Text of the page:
Recently I joined two photographer friends in photographing two large great blue heron nests. One nest (above) held two relatively young chicks, while the other housed three siblings who were almost ready to fledge. In the smaller nest, the two chicks waited and waited, but I never witnessed a parent return with food. The other nest, however, was a different story.
About ten minutes after ariving on site, we were rewarded with a parent’s return to feed its chicks. That was when the aggressive battle began.
As the parent was trying to regurgitate its meal for the hungry chicks, they took turns squawking in its face, demanding food.
When it took a while for the food to come up, the chicks got more aggressive. One would grab the parent around the beak, and yank its head down into the nest. When this didn’t work, one of the chicks bit around the parent’s neck and yanked at the throat. I was shocked to see such a display, but figured this kind of behavior fostered some of the competition amongst the siblings that would serve them out in the “real world”.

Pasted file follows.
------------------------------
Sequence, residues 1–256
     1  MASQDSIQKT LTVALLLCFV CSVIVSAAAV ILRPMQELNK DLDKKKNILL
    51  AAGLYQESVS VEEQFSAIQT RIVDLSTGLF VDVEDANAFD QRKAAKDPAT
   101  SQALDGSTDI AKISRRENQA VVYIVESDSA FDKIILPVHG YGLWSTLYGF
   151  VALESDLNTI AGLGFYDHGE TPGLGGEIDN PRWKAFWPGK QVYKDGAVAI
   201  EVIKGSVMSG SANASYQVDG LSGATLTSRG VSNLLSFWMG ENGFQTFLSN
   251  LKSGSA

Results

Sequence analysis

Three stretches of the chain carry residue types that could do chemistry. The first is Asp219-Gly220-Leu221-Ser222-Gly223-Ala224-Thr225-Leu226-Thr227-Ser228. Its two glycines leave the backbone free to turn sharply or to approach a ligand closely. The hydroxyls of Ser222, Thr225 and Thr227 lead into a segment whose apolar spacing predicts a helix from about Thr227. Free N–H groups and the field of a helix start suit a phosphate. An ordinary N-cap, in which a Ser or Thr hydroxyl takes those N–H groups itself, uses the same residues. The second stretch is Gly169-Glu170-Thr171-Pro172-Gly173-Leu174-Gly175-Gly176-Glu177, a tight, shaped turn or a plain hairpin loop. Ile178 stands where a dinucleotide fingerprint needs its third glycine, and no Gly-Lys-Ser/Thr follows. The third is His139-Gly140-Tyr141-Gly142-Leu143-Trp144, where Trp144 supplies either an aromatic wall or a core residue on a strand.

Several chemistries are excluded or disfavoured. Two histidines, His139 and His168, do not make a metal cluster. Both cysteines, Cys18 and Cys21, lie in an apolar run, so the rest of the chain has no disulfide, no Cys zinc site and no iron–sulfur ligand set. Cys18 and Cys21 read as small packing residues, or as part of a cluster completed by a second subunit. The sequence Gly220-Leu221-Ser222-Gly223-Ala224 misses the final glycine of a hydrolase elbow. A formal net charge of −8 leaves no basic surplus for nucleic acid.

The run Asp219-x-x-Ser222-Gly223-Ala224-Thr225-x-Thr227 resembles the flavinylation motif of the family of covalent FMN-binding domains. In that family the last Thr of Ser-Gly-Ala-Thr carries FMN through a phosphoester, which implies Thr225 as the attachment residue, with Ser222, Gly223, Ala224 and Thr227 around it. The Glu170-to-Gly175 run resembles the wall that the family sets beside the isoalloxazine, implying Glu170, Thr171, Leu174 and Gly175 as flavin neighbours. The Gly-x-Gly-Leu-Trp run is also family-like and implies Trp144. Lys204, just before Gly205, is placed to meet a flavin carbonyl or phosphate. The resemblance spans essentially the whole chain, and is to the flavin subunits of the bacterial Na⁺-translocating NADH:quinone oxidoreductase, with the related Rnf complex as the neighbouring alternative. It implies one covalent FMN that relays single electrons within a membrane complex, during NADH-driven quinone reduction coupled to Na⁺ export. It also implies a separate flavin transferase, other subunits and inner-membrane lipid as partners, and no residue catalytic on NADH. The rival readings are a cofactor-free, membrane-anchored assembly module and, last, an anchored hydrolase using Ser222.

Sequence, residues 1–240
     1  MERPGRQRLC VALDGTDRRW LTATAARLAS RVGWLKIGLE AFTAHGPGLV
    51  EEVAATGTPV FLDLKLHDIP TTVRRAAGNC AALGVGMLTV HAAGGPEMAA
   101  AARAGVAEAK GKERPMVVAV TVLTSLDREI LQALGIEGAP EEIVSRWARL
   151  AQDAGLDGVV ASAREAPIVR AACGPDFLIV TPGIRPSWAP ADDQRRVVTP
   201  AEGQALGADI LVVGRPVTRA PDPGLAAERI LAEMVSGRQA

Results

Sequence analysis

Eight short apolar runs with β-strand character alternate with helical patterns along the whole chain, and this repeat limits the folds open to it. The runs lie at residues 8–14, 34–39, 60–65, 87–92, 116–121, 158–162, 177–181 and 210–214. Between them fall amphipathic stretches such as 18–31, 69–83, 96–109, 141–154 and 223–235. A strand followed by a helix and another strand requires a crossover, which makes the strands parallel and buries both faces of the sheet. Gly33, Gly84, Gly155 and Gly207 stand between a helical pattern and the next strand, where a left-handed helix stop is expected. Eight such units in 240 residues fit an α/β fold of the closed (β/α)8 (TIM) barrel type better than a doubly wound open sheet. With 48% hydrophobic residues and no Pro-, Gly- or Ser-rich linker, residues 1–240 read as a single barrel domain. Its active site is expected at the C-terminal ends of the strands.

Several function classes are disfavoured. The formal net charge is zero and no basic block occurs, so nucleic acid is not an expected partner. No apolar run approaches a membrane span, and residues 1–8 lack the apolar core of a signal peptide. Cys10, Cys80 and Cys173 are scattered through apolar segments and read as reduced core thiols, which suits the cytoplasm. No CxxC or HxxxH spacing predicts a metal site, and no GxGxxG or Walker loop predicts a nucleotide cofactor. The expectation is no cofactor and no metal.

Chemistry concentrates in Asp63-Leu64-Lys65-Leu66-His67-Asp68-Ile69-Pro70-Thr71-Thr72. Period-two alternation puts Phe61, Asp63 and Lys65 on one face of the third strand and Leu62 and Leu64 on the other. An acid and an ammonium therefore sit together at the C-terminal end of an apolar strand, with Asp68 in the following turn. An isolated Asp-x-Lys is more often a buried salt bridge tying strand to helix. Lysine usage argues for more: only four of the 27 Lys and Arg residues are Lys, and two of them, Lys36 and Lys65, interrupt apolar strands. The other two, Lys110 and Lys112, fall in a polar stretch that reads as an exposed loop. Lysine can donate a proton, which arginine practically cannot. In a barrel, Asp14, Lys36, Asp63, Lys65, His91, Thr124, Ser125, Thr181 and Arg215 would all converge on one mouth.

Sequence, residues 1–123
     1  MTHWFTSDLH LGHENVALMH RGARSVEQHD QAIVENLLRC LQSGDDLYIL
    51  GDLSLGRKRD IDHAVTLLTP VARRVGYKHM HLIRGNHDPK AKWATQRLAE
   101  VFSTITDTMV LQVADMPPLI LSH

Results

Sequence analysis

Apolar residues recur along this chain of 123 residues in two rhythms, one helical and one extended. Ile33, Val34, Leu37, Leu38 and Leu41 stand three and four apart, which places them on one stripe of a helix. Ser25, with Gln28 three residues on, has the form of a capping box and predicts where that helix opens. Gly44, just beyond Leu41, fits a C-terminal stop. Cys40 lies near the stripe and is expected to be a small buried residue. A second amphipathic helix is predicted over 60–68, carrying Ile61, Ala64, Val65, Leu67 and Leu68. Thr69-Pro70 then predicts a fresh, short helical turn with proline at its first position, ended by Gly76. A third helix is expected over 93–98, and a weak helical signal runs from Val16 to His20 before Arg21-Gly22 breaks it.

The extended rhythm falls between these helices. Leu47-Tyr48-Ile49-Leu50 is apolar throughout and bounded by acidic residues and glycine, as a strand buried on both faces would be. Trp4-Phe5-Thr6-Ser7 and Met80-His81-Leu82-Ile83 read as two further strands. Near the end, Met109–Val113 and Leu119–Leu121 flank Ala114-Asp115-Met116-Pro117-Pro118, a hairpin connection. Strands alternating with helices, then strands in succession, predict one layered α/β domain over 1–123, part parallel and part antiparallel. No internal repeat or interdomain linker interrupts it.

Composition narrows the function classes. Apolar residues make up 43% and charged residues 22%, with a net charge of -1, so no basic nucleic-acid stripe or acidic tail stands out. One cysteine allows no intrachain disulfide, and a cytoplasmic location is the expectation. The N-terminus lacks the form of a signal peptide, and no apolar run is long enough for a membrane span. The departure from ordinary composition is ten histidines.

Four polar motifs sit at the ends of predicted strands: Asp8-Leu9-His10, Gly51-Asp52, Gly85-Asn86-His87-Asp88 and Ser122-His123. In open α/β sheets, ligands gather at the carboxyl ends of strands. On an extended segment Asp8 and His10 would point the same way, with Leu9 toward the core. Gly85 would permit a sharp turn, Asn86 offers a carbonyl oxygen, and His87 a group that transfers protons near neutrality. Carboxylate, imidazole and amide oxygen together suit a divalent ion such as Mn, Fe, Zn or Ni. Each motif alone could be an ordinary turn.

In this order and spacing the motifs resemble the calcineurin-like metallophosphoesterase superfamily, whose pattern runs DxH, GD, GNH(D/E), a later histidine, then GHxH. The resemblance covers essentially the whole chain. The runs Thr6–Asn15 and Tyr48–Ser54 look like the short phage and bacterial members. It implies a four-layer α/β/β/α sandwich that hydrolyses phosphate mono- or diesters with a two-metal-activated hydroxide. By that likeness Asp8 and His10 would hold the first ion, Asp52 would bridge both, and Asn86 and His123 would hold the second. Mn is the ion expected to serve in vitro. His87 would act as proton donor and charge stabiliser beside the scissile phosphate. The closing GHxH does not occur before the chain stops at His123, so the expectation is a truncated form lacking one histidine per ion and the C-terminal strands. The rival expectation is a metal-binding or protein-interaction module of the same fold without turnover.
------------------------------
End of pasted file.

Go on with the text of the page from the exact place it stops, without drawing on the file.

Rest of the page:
After the parent finally dumped the food at the bottom of the nest, it took off, presumably to continue to feed these young insatiable appetites. The youngsters continued to battle each other over the remnants until it was gone. The next time you see one of these seemingly docile creatures standing at the edge of a marsh, remember that they are also predators, trying to eke their own way through the world.